One of the world’s great mysteries is why exactly razor blades are so expensive. They never seem to last long because after a few shaves there they get too dull, they basically rip the hair apart instead of cutting it. MIT conducted a new study to find out why even though human hair is 50 times softer than steel, the blades quickly dull.
The razors, scalpels and knives are typically made from stainless steel that is honed into a razor-sharp edge encoded with harder materials like carbon. The knife requires regular sharpening, and the razor tip must be replaced even though the cutting material is much softer. Engineers at MIT studied the act of a close shave and observed how a razor blade can be damaged when cutting human hair.
The team found that shaving deformes the blade in a way that is more complex than just eroding the blade part over time. Research has found that a single strand of hair can cause the edge of the blade under certain conditions. When the crack first forms, the blade is then more susceptible to chipping resulting in the blade̵7;s edge quickly tarnishing.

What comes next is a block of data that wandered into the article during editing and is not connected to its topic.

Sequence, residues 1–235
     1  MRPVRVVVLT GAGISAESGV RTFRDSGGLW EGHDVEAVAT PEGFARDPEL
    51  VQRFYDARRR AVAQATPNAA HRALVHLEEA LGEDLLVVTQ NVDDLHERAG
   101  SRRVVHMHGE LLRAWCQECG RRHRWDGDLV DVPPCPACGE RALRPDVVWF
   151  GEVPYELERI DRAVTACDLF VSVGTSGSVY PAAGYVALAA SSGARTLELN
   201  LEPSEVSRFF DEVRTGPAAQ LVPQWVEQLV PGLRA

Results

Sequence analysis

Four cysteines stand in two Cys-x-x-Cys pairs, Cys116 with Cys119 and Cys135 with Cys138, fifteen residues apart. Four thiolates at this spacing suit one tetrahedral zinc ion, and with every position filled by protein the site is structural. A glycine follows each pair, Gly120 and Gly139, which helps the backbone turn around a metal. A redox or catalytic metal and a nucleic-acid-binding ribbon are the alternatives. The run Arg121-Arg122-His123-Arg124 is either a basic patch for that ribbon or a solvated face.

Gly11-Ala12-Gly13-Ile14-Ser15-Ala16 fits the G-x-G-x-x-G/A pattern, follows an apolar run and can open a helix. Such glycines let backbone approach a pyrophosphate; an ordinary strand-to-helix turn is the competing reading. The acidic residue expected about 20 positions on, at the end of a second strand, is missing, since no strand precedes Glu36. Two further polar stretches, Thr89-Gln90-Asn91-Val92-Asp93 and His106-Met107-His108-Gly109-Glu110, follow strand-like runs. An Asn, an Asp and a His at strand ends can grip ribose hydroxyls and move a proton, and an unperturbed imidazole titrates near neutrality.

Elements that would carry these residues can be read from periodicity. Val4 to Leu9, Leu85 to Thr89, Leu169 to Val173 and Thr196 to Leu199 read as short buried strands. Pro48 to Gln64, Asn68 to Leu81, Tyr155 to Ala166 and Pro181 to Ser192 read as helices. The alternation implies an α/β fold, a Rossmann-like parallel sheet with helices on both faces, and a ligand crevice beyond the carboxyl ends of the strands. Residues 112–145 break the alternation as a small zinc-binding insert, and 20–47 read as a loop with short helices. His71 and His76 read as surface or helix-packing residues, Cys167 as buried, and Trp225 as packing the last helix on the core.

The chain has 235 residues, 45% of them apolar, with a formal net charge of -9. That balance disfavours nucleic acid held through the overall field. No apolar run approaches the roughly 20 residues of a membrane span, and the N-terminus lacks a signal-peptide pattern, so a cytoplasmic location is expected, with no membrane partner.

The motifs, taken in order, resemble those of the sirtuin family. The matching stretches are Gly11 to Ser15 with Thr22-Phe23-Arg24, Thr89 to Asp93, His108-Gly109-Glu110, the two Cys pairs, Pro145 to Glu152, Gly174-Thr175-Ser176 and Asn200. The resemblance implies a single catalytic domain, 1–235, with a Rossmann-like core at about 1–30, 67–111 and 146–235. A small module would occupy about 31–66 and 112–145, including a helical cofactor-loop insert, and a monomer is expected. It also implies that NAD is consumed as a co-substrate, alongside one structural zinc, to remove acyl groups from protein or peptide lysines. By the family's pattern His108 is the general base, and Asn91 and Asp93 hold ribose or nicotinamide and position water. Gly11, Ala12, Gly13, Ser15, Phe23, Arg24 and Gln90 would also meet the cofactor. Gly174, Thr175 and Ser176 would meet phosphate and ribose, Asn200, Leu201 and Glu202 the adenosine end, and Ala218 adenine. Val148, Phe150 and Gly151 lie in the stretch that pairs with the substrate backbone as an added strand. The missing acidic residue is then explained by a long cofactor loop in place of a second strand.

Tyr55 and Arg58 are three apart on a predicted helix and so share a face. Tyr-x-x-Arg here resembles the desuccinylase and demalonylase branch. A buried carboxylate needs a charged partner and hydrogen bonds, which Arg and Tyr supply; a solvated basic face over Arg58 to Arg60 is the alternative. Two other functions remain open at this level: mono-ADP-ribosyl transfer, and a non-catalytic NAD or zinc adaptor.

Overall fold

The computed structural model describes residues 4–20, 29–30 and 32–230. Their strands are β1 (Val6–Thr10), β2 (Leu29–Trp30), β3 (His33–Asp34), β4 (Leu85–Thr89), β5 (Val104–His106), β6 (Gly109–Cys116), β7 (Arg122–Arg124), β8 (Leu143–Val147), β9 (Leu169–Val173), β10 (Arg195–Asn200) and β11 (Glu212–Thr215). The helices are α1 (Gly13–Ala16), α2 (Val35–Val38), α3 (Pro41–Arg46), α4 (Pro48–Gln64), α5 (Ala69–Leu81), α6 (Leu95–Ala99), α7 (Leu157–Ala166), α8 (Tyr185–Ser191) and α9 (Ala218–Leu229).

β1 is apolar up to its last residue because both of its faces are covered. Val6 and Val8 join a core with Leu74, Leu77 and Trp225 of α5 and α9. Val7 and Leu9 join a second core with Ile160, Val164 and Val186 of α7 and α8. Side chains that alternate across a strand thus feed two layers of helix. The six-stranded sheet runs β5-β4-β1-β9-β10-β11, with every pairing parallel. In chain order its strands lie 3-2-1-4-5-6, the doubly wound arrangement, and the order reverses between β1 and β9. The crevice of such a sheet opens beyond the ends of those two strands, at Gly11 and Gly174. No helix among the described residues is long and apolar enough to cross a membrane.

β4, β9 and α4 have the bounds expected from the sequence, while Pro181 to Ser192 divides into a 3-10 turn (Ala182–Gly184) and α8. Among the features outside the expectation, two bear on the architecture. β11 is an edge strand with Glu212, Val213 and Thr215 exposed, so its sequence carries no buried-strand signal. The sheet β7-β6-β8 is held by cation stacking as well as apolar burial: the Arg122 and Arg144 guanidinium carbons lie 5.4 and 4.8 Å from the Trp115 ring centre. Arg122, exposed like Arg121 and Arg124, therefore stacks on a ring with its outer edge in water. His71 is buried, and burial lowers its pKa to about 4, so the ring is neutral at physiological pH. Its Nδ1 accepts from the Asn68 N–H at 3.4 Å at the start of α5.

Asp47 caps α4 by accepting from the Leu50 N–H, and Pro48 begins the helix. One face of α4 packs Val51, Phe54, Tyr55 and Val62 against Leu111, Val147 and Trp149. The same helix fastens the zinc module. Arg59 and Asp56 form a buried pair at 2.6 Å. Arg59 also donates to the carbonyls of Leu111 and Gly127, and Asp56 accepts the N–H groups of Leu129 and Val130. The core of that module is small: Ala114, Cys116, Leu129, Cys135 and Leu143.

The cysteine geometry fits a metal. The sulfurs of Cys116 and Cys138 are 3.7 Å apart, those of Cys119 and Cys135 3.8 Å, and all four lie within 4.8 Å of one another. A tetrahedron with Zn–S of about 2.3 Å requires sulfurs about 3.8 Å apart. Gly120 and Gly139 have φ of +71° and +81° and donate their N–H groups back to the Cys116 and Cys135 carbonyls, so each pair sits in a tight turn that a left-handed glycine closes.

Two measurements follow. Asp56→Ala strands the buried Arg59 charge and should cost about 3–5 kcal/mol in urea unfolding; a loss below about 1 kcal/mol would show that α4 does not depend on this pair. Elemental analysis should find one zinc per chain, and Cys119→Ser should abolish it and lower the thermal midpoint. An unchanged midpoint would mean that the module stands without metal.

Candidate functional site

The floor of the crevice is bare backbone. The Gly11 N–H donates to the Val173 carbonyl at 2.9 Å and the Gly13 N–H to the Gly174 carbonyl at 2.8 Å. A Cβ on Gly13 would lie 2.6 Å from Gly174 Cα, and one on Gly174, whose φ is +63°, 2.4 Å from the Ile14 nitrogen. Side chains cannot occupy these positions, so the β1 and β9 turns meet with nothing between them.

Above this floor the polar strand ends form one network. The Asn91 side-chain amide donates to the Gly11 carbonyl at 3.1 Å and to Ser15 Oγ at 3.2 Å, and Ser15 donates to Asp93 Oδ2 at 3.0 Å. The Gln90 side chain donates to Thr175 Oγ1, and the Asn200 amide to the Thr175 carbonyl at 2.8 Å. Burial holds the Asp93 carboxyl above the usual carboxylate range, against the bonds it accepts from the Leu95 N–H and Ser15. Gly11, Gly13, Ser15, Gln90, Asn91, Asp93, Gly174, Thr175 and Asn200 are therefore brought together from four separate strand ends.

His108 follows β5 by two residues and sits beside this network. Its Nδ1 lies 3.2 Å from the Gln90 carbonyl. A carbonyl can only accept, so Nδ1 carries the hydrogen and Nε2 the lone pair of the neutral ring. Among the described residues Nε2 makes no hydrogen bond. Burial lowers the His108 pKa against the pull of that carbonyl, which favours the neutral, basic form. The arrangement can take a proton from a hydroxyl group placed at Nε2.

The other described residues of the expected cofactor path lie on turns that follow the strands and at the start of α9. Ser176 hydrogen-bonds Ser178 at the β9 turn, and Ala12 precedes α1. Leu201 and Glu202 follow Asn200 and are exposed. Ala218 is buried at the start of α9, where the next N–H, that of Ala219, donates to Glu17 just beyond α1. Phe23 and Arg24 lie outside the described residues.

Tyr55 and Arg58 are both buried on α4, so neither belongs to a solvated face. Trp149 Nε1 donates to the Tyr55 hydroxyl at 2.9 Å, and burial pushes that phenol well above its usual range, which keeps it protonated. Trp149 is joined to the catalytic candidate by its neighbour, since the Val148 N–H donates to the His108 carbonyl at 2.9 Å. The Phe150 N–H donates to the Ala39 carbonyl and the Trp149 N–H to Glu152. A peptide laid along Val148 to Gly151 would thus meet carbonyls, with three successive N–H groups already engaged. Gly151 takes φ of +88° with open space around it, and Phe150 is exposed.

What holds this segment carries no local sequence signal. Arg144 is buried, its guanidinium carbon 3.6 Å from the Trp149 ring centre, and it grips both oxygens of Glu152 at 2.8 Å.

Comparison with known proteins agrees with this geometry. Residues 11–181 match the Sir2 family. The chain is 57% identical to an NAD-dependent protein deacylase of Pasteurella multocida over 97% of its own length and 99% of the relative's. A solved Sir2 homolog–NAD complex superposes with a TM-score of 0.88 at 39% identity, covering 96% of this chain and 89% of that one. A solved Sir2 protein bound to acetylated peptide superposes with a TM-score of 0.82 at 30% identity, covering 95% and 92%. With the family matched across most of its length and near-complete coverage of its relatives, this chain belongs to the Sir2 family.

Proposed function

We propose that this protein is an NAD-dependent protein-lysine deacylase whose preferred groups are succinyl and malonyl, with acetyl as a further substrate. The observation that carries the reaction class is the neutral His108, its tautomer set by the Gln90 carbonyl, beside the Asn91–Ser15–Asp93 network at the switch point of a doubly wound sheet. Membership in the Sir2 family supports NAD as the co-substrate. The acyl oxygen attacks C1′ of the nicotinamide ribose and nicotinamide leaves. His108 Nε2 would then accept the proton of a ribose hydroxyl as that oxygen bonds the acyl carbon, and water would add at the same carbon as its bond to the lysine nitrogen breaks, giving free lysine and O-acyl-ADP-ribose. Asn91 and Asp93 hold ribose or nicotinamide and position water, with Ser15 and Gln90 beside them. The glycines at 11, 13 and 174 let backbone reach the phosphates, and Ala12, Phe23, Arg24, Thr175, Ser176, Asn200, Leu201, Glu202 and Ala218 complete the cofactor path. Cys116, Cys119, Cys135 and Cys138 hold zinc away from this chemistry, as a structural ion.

The blade’s microstructure plays an important role, the researchers said, and the blade is more susceptible to chipping if the steel’s microstructure is not uniform. The angle at which the blade approaches the filament and the presence of defects in the steel’s microstructure play a role in creating cracks. The team believes the study can give clues about how to preserve a blade’s sharpness.
The main goal of the study is to determine why blades become useless when they interact with a much softer material. In the study, the team used disposable razors to shave their face, and after each shave, they photographed the edge of the razor blade with a scanning electron microscope to see how the razor blade looks. . The team used different commercial razors at different angles to shave.
The tongues get chipped at certain points and when hair freely curls, splinting is less likely. Cracks in the blade most often occur where the edge of the blade comes into contact with the sides of the hair. The result of the study is a patent filed for the process that drives the steel into a more homogeneous form to make it last longer.